« Reply #216 on: February 05, 2019, 04:40:32 PM »
But if two guys are co-operating together to build an aeroplane. They are not going to be building their own aeroplanes to kill each other.
You'd like to think that but tell that to those aboard HMS Sheffield, hit and killed by French missiles sold to Argentina. Or the many more victims on the General Belgrano, a former US Navy ship equipped with French helicopters and British Sea Cat anti-aircraft missiles, sunk by ourselves.

The prospect of a military force governed by 27 nation states in a political union does not fill me with a massive amount of confidence. The talk of an EU military is one of the things that has alarmed people on both sides of this argument.

I would agree that nations trading and working closely together can keep the peace between themselves in a potentially destabilised zone like Europe was, but it is not a strong argument for me. We don't see South American states at war with each other any more. Even Asia has been relatively free of localised conflicts that aren't at least agitated by super powers.

I think the real argument for political union in Europe was to create an economic superpower to compete with the USA and the USSR. With the rise of China, South Korea, Brazil and other economies, the effectiveness of this European super state is diminished by the need for it to be governed by an unelected clique in order to avoid constantly gaining the agreement of each individual state. That does make me nervous too.

And yet I remain a Remainer.
« Last Edit: February 05, 2019, 04:42:48 PM by richardfrost »

Jocko

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Re: WTO rules?
« Reply #217 on: February 05, 2019, 04:47:24 PM »
The only party who have had a consistent and sensible position in this shambles has been the SNP.
They have been treated with contempt by the government.
Once again it depends on your point of view and what side of the argument you are on.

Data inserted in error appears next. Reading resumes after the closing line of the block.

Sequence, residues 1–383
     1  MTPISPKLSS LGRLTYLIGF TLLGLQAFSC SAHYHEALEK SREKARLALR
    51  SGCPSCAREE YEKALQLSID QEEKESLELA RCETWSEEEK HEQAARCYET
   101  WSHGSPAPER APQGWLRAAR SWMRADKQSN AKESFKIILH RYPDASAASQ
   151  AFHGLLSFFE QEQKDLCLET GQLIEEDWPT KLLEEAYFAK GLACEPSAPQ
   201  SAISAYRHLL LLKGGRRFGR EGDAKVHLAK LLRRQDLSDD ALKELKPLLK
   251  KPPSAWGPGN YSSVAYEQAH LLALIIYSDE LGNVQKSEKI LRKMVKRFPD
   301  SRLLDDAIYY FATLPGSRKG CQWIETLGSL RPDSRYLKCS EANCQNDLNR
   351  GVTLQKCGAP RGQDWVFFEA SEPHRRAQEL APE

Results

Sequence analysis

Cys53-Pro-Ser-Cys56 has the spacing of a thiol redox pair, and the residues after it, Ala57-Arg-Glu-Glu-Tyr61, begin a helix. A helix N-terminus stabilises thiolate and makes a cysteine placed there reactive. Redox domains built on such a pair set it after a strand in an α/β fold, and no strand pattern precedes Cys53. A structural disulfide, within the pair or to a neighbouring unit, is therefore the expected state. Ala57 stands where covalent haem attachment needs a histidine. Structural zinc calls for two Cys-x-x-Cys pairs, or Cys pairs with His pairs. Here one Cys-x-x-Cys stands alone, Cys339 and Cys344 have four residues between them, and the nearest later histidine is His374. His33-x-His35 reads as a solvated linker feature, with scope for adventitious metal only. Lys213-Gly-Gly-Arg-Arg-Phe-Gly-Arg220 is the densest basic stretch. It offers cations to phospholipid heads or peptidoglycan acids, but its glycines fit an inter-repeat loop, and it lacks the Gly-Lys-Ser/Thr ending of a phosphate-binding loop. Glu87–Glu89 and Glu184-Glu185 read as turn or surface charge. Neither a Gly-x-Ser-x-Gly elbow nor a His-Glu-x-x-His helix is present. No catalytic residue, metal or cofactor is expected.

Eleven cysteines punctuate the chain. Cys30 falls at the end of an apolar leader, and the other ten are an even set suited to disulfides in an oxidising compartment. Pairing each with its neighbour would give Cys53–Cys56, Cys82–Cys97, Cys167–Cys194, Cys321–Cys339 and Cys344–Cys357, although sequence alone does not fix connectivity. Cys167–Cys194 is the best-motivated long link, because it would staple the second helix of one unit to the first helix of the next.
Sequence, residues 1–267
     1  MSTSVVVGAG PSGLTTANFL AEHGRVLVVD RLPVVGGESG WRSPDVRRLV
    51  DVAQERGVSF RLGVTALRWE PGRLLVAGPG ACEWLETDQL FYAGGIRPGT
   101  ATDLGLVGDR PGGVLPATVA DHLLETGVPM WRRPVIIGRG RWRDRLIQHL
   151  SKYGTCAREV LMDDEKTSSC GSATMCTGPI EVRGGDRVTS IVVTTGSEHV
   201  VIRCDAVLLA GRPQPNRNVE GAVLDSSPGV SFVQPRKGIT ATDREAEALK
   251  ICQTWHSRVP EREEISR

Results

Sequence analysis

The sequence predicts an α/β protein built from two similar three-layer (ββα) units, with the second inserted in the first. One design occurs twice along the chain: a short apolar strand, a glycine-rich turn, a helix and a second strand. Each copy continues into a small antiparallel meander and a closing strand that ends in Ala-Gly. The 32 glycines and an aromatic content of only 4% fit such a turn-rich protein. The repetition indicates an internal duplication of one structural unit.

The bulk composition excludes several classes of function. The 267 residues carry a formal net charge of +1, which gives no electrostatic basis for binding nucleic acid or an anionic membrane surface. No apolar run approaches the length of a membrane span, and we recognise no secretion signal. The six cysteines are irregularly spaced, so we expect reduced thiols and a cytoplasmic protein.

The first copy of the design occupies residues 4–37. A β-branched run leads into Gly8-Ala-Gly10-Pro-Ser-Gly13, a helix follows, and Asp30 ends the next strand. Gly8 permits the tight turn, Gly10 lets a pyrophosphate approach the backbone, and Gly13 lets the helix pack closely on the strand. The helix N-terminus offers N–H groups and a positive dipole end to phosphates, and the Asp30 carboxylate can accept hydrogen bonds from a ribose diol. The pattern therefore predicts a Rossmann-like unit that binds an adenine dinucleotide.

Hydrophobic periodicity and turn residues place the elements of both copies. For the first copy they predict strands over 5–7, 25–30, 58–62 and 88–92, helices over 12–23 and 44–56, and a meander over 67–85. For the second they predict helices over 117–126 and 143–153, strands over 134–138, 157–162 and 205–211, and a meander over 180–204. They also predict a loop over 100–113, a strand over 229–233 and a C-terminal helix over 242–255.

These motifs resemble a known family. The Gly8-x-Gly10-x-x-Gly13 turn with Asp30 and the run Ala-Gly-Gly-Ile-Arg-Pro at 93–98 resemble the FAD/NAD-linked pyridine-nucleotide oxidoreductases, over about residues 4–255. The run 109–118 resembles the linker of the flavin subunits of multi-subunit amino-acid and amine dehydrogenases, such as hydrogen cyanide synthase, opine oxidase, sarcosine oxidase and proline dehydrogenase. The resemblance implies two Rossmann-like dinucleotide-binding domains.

Regarding Scotland rejoining the EU after Brexit and a Yes Indyref 2 vote, do you think the EU would want another land border with the smaller UK? And if it was a No deal Brexit, would Scotland want a hard border? Too many obstacles to contemplate.

culzean

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Re: WTO rules?
« Reply #218 on: February 05, 2019, 05:46:42 PM »
The only party who have had a consistent and sensible position in this shambles has been the SNP.
They have been treated with contempt by the government.
Once again it depends on your point of view and what side of the argument you are on.
Regarding Scotland rejoining the EU after Brexit and a Yes Indyref 2 vote, do you think the EU would want another land border with the smaller UK? And if it was a No deal Brexit, would Scotland want a hard border? Too many obstacles to contemplate.

The only consistent SNP policies are being obnoxious in Westminster and wanting their cake and eating it in regard to wanting to be free of CFP but remaining in EU.  Scotland in the EU without UK would be exposed just the way Ireland was, but UK came to Ireland's aid many times, only to be stabbed in the back by Varadkar who chose to be the EU useful idiot in Brexit negotiations. A hard brexit will not be ideal for UK, but we will get over it,  but a hard Brexit will be catastrophic for RofI.

https://theweeflea.com/2018/03/22/the-great-betrayal-fishing-the-eu-and-the-scottish-and-uk-governments/
« Last Edit: February 05, 2019, 05:49:57 PM by culzean »
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peteo48